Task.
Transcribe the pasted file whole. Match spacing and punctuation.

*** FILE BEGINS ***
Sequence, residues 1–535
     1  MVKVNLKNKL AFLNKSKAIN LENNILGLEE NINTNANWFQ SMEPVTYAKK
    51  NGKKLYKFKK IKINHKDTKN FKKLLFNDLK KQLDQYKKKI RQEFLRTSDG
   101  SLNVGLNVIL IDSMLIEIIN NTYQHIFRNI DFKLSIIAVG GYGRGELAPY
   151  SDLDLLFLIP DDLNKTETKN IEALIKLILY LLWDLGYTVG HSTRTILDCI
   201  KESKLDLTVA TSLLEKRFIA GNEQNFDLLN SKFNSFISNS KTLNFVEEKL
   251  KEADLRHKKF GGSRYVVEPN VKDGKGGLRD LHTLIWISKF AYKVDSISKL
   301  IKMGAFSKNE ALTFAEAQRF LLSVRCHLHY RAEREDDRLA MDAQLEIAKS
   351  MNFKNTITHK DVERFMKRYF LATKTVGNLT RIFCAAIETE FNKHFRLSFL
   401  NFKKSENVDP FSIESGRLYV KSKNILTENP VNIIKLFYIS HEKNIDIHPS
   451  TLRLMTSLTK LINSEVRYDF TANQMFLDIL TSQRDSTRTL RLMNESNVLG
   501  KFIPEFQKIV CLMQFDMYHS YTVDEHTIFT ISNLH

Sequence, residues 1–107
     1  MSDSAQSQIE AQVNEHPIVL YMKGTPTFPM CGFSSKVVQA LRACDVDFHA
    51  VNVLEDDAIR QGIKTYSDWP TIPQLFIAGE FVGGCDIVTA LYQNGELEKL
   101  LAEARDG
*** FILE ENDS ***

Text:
Sequence, residues 1–535
     1  MVKVNLKNKL AFLNKSKAIN LENNILGLEE NINTNANWFQ SMEPVTYAKK
    51  NGKKLYKFKK IKINHKDTKN FKKLLFNDLK KQLDQYKKKI RQEFLRTSDG
   101  SLNVGLNVIL IDSMLIEIIN NTYQHIFRNI DFKLSIIAVG GYGRGELAPY
   151  SDLDLLFLIP DDLNKTETKN IEALIKLILY LLWDLGYTVG HSTRTILDCI
   201  KESKLDLTVA TSLLEKRFIA GNEQNFDLLN SKFNSFISNS KTLNFVEEKL
   251  KEADLRHKKF GGSRYVVEPN VKDGKGGLRD LHTLIWISKF AYKVDSISKL
   301  IKMGAFSKNE ALTFAEAQRF LLSVRCHLHY RAEREDDRLA MDAQLEIAKS
   351  MNFKNTITHK DVERFMKRYF LATKTVGNLT RIFCAAIETE FNKHFRLSFL
   401  NFKKSENVDP FSIESGRLYV KSKNILTENP VNIIKLFYIS HEKNIDIHPS
   451  TLRLMTSLTK LINSEVRYDF TANQMFLDIL TSQRDSTRTL RLMNESNVLG
   501  KFIPEFQKIV CLMQFDMYHS YTVDEHTIFT ISNLH

Sequence, residues 1–107
     1  MSDSAQSQIE AQVNEHPIVL YMKGTPTFPM CGFSSKVVQA LRACDVDFHA
    51  VNVLEDDAIR QGIKTYSDWP TIPQLFIAGE FVGGCDIVTA LYQNGELEKL
   101  LAEARDG